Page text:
Career Fair Tips

Looking back to my college days, there were 3 SUPER busy times of the year: finals week, the week before dance competitions (I was on a competitive dance team), and recruiting season. Now that I’m working, I have no idea when finals or dance competitions are, but as part of the Staffing team at Intel, I definitely know when college recruiting season rolls around! My coworker, Tiffany, put together a great blog post with tips for career fairs (it’s a must-read for any college students looking for an internship or full-time position!) I’m here to expand on a few of those tips.

Before the event: do your research

Lines are long, rooms are packed, and you only have two hours to spend at the career fair in between classes, so time really isn’t on your side. Do your research beforehand so when you walk into the room, you know what to expect. Most Career Services Centers will have a list of the companies attending posted online along with the types of students or disciplines they are looking for. Remember when you applied to college and had a list of reach schools, match schools and safety schools? You’ll want to do something similar with potential employers. Go through the booth listing to narrow it down: I had a list of “must talk to”, “would like to talk to”, and “could talk to” companies.

Be careful on how you filter your list though: just because it’s in an industry that you know nothing about or you’ve never heard of the company, that doesn’t mean that it should be eliminated. Visit company careers sites, read through their values, search their open positions and get a feel for them. Many career sites now include employee profiles, videos, and testimonials to give you a feel for what it would be like to work there.

More and more companies are also getting involved with social media and have their own recruiting presence. Check them out on LinkedIn, Facebook, Twitter, their blog, etc. to get more details or to ask them any questions you have beforehand. You might even be able to make an introduction to the recruiter who is coming to your campus! You should also scour your own networks and circles to see if any of your friends work at a company you’re interested in: they could provide an inside look to the company and help you see if there’s a match.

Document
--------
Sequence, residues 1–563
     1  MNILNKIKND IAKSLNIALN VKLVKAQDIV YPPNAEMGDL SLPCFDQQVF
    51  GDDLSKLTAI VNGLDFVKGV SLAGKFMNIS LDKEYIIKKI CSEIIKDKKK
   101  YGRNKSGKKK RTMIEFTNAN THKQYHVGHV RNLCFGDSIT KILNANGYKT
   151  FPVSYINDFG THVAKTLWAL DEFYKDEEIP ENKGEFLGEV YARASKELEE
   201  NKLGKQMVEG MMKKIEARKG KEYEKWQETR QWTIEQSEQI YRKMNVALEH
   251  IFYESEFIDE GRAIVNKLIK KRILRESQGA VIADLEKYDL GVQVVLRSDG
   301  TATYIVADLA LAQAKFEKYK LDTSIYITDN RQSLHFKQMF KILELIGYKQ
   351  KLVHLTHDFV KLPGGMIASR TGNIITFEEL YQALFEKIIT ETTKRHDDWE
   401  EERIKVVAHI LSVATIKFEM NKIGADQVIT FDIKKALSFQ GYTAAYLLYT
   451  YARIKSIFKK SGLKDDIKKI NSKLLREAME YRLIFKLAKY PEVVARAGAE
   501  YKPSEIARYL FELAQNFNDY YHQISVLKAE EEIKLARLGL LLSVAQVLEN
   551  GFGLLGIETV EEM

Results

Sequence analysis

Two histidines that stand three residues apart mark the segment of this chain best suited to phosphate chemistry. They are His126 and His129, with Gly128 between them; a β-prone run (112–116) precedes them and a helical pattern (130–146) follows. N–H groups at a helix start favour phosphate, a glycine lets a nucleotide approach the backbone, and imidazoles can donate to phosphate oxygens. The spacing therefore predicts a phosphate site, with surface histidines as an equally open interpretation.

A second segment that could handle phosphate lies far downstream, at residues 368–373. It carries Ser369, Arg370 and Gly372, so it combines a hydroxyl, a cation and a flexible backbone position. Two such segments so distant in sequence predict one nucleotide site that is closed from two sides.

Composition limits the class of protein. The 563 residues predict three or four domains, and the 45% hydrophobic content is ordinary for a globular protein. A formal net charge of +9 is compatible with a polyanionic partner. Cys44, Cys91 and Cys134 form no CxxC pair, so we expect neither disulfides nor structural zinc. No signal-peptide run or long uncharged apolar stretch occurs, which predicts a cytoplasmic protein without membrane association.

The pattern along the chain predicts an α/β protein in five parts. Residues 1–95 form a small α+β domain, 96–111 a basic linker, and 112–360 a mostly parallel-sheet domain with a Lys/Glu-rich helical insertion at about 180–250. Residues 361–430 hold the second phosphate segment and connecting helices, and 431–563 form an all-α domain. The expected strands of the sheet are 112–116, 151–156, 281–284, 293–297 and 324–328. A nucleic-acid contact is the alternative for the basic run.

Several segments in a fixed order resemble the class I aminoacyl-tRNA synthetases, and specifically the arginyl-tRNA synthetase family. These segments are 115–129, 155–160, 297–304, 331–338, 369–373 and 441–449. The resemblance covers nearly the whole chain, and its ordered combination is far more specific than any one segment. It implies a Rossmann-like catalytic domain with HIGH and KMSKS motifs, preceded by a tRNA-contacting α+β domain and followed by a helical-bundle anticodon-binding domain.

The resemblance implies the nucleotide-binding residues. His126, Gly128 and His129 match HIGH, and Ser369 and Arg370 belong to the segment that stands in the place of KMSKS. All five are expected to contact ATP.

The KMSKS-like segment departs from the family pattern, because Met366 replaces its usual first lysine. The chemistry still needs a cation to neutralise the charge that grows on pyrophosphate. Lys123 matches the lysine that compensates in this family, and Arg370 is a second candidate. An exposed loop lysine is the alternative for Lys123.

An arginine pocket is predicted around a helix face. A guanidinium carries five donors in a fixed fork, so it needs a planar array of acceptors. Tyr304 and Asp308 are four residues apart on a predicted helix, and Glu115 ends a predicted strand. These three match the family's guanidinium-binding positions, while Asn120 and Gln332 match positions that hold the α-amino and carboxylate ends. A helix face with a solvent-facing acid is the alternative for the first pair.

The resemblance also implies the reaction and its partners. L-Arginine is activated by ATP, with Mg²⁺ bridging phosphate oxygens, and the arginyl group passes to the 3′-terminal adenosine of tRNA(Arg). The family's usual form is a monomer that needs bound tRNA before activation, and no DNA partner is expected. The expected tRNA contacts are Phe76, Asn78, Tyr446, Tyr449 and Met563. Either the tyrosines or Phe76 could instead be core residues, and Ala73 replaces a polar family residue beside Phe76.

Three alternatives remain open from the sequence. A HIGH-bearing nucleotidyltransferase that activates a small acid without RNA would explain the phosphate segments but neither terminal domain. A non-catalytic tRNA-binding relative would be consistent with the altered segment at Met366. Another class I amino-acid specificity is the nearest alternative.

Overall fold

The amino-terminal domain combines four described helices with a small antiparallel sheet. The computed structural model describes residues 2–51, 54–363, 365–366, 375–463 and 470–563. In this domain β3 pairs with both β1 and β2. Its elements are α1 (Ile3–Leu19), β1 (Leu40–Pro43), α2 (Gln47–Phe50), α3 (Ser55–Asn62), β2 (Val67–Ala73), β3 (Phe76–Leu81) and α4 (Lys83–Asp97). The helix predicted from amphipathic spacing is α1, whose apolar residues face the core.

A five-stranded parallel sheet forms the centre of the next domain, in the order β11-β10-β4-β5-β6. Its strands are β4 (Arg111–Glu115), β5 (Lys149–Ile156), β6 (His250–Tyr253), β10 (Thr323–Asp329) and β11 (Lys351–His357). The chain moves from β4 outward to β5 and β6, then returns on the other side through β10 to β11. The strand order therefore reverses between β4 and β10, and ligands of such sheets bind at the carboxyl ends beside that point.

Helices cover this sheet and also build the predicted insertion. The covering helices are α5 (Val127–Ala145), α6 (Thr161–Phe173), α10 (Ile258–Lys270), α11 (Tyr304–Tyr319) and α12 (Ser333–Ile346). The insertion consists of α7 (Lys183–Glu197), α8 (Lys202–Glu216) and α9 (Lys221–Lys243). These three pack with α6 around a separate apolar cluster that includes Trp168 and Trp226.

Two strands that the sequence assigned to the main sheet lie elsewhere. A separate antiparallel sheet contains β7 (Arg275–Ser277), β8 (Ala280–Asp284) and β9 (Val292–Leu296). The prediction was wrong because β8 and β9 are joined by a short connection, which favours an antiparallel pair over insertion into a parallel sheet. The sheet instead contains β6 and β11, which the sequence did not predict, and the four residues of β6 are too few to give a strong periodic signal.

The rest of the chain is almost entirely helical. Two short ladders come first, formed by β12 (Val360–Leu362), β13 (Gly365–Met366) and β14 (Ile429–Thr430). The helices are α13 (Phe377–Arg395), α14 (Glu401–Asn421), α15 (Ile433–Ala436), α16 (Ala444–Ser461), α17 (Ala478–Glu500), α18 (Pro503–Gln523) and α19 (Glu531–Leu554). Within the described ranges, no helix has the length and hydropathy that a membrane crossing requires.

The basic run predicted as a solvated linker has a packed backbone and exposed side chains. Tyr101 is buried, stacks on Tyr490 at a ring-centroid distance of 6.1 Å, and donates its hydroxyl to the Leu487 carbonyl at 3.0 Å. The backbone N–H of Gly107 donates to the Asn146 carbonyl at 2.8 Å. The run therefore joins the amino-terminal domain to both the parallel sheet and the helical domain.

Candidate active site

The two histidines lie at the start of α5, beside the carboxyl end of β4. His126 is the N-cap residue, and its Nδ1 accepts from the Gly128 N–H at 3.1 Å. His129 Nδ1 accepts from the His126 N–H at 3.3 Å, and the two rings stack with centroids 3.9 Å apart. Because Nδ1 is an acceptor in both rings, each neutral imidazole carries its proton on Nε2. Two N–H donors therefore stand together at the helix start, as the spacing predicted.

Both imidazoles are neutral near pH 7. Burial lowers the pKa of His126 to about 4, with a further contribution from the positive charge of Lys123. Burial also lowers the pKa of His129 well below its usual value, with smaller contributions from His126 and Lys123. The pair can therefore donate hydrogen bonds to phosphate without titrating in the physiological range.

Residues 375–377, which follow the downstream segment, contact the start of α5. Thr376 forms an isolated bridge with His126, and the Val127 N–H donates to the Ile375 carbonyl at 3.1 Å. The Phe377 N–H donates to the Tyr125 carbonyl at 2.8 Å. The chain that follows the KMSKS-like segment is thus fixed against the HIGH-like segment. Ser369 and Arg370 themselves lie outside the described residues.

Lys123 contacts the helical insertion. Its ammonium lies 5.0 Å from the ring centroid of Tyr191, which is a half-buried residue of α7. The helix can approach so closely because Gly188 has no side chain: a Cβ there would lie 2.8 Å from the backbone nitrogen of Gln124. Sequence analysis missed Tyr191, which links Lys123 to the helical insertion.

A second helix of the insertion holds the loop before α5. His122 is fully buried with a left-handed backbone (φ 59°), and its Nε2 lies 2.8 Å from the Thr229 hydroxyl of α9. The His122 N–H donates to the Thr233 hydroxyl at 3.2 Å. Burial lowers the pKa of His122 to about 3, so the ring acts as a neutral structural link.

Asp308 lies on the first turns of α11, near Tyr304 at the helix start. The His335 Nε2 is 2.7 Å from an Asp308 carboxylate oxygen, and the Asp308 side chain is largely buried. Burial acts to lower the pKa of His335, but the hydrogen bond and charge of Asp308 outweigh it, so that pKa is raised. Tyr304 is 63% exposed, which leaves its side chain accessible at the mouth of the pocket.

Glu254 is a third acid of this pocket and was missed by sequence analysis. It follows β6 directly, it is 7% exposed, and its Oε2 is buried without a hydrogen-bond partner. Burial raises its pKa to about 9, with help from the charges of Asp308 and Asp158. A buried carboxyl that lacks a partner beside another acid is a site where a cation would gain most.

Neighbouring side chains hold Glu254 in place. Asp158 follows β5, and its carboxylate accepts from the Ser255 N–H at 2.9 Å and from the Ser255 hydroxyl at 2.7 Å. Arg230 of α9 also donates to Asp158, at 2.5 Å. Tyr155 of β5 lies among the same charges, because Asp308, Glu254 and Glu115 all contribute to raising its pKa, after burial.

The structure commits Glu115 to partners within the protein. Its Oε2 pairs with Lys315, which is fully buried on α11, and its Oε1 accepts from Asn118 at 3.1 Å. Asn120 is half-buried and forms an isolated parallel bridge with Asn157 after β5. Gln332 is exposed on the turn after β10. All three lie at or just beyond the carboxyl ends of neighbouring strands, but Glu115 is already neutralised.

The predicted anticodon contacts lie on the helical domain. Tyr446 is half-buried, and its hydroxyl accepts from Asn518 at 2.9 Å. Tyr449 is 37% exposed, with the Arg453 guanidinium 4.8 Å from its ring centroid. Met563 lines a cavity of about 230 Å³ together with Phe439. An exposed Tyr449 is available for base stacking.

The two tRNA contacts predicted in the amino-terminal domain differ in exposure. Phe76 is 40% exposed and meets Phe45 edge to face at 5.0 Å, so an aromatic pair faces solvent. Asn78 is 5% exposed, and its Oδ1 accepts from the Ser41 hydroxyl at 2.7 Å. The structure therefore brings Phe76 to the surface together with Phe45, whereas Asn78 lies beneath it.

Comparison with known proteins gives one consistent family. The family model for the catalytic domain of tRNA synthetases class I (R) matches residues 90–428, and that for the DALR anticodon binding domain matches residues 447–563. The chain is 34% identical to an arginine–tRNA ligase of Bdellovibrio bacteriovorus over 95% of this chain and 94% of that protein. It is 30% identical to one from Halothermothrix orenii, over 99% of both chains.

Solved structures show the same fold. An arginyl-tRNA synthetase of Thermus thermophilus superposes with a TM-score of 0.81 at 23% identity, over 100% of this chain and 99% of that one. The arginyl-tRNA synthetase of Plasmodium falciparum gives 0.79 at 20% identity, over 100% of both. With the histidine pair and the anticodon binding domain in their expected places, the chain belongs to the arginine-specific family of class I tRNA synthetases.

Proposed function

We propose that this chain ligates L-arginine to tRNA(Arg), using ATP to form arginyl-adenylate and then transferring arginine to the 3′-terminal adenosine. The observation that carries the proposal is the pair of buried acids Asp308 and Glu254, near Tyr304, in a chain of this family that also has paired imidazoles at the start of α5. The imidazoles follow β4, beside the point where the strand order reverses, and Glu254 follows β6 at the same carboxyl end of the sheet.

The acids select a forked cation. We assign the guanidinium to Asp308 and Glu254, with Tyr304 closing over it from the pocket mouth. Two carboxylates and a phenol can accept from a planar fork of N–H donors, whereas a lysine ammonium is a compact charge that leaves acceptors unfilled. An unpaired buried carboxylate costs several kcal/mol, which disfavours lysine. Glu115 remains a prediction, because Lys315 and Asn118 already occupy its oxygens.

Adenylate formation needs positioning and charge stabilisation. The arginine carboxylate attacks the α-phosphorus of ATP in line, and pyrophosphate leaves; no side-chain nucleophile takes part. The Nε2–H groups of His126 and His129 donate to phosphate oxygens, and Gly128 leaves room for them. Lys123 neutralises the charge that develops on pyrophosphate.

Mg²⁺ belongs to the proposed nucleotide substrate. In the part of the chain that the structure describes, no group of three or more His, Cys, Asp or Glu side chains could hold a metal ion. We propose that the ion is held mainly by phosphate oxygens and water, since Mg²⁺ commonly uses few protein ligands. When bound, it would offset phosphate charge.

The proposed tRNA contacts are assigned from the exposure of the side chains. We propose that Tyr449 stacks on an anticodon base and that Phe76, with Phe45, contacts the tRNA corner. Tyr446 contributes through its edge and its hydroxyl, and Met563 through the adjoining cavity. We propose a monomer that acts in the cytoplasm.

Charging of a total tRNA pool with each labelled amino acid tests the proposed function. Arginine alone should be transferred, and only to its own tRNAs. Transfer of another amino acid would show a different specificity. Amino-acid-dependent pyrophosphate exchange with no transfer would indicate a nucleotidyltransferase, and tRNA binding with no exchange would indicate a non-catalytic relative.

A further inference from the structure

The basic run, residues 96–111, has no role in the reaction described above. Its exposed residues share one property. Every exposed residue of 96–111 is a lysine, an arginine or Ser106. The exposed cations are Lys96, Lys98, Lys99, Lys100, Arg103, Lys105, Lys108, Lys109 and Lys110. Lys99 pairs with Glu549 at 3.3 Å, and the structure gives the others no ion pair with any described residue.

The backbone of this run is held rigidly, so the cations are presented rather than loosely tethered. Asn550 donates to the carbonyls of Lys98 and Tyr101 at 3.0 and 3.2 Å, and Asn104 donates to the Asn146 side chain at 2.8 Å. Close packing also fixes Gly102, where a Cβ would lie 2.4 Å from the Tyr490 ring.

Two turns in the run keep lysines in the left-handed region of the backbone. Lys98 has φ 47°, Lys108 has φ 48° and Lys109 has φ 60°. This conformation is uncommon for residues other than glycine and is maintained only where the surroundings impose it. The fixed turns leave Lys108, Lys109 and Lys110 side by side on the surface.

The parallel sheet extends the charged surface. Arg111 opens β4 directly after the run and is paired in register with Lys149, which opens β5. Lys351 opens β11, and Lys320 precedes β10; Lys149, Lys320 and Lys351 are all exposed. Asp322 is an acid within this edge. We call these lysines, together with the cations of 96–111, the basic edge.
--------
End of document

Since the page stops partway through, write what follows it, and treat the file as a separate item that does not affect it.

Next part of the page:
At the event: scope out the room

Pick up a brochure listing all of the companies and do a quick walk around of the career fair floor to scope it out. Look for signs the company posts, the people you see in lines (if all of your classmates are talking to a specific company, they might have something that would be a match for your background), and the impression you get from their recruiters will help you filter which booths you want to visit. (It also gives you a chance to check out who’s offering what trinket, though that shouldn’t be your first priority.) I landed my position at Intel because they had a sign at their booth that said, “HR Positions Available”.

Your priority list may change based on what you see. Make sure you have enough time hit the top companies on your list first but if you have time to visit more booths, do so! You never know what opportunities lie ahead. I always tried to make sure I had enough time to visit one or two booths of companies that weren’t on my priority list before I visited the priority ones to get me in the mindset and swing of things.

At the event: what do you say to a recruiter?

So you have your list of companies you want to talk to…but what do you talk to them about? In Tiffany’s post, one piece of advice was to be mindful of the recruiter’s time and try not to take up more than 3 minutes (especially if there’s a huge line! We’ve all been stuck in line when a chatty Cathy has taken up to 15-20 minutes of one recruiter’s time; at the same time, if you’re in a meaningful conversation, don’t cut it short because of time. Use your best judgment here.)